Sunshine Sketches of a Little Town
Approx. 65,000 words
The Mariposa Belle sets out on its fateful cruise in the 2012 TV movie of Sunshine Sketches of a Little Town.
Sunshine Sketches of a Little Town
Sunshine Sketches of a Little Town being such a Canadian literary icon it's unsurprising Stephen Leacock's gently satirical tales have been adapted twice for the small screen and both times by the CBC.
We know little about the 1952 series and have seen no extant film or video of the production—if indeed it was saved by the Canadian broadcaster. We do know several of the country's accomplished stage, screen and radio actors of the day took part—with John Drainie narrating, Paul Kligman as the hotel proprietor, Robert Christie as the undertaker, Eric House as the reverend, Peggi Loder as the judge's dreamy daughter, William Needles as the banker, and Timothy Findley (yes, the future novelist) as young Peter Pupkin, the bank teller.
It wasn't until the book's hundredth anniversary that another adapation was made and updated, for better or worse.
Not the sunny town we thought we knew
Sunshine Sketches of a Little Town (2012): Director Don McBrearty; writer Malcolm MacRury; featuring Jull Hennessy, Gordon Pinsent, Donal Logue, Patrick McKenna, Peter Keleghan, Colin Mochrie, Debra McGrath, Ron James, Kjartan Hewitt, Caroline Rhea, Seán Cullen, Geddy Lee
Some of Canada's top actors, along with some of country's leading comic talent, gathered again many decades later when the public broadcaster took up Sunshine Sketches of a Little Town again.
Would Stephen Leacock appreciate the adaptation of his famous 1912 book for the 2012 television movie?
Unfair question, of course, because we couldn't possibly know the answer. The canny author might realize, as many authors do, that transferring a story into a new medium often requires wholesale changes to get across the sense and spirit of the source material. Or he may feel the changes in this case needlessly destroy his original intents.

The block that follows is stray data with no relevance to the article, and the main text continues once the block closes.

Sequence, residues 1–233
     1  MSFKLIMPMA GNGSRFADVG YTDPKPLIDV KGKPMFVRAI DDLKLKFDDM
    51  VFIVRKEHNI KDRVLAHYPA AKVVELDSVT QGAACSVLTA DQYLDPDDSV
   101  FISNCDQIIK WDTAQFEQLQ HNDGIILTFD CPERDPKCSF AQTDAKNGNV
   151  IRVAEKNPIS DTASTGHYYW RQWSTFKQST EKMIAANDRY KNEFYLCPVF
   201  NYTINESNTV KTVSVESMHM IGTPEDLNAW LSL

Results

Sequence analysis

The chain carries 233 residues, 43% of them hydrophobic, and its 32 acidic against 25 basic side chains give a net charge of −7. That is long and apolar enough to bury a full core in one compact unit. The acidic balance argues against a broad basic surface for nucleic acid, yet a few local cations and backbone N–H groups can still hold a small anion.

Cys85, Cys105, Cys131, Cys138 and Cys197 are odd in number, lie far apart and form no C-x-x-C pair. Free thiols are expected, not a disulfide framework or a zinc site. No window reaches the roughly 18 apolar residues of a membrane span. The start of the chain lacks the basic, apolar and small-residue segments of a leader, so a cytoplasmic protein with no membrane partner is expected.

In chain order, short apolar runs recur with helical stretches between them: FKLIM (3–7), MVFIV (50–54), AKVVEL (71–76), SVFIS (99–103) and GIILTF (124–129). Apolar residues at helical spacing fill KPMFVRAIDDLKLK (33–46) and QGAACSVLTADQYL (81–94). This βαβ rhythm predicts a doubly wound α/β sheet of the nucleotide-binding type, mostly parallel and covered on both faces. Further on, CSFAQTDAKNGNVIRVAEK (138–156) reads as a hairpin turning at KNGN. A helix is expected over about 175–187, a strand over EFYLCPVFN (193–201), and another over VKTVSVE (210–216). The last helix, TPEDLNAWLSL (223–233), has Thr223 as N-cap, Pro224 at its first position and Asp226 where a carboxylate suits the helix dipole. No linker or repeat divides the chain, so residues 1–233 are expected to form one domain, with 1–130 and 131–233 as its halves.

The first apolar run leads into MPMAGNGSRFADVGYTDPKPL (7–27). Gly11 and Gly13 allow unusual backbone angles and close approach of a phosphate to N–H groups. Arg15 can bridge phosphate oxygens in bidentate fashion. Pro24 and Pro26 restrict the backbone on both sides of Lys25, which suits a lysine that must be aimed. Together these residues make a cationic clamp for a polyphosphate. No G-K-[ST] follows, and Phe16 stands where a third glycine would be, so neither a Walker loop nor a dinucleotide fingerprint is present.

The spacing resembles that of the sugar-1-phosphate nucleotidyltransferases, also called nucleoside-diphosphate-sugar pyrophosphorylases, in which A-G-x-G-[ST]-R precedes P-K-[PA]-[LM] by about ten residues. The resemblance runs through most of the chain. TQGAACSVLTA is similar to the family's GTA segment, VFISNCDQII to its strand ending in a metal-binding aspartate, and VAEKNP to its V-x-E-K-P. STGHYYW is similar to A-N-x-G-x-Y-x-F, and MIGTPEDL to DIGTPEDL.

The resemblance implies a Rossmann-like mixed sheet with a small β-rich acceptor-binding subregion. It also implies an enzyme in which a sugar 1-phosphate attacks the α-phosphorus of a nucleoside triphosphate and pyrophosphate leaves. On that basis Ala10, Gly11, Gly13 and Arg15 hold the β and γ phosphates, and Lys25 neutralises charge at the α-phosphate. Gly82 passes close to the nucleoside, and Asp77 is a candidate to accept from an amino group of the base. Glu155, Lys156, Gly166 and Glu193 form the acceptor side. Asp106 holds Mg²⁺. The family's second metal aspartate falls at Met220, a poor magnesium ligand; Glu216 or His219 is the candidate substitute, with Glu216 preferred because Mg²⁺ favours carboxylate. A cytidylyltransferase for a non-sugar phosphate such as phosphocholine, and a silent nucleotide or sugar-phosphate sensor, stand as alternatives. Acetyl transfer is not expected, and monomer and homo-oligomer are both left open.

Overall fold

I'm guessing the latter in Sunshine Sketches of a Little Town.
Leacock may be particularly appalled at the injection of his own story, showing himself as a boy, living a bullied, impoverished, hardscrabble existence, amid the sunny adventures of the Mariposa townsfolk.
This inserted drama, featuring young Leacock (Owen Best), his mother (Jill Hennessy), his alcoholic and wayward father (Rick Roberts), is entwined with that of hotel owner Josh Smith (Donal Logue), a prominent character in the book.
Otherwise the narrative of this movie is taken mainly from two stories in Sunshine Sketches: "The Marine Excursions of the Knights of Pythias" and "The Hostelry of Mr. Smith", the book's opening story. You'd think these two would offer enough material to fill the entire 90 minutes—and, if not, any of several other stories from the book could be fit in.
One of Canada's most renowned actors, Gordon Pinsent, plays the adult Leacock, appearing on screen and in voice-over to narrate the story. This actually makes sense, as in the books Leacock presents himself as the assumed narrator, and it's well-done here.
In general though, Leacock's gently satirical perspective is replaced by a desperate, sordid kind of humour. Granted there is some darkness in the author's superficially light text and certainly much in his personal life. But here the famously self-deprecating humour that makes the medicine go down is contrived and without subtlety.
Behind the scenes during the making of the 2012 TV movie.
Efforts are made to update the production, with storylines of abuse and vulgarity, with the strong proto-feminist character of Leacock's mother, and with inclusive casting for minor roles at least. The sleepy Anglo-Saxon town of nineteenth-century Ontario, which Leacock satirizes, seems suspended in some limbo between that era and modern times. The sensibilities clash.
The sinking of the Mariposa Belle, taken from the "Marine Excursions" story, is one of the (ironically) driest and funniest episodes of the book but here its humour falls flat. The passengers sing, as the boat goes down, not "Oh Canada", as in the story, but Burton Cumming's "I'm Scared"?
The acting, the filmwork, the special effects—are all expertly accomplished. But they don't hold the show together. The modern, almost post-modern style, of clashing periods and rapidly switching scenes create a flimsy production. It's hard to invest one's interest in the the town beyond that Leacock family material. One can admire Hennessy's performance without caring about the bizarre shenanigans going on with the rest of the townspeople, who were Leacock's real focus in Sunshine Sketches of a Little Town.
— Eric McMillan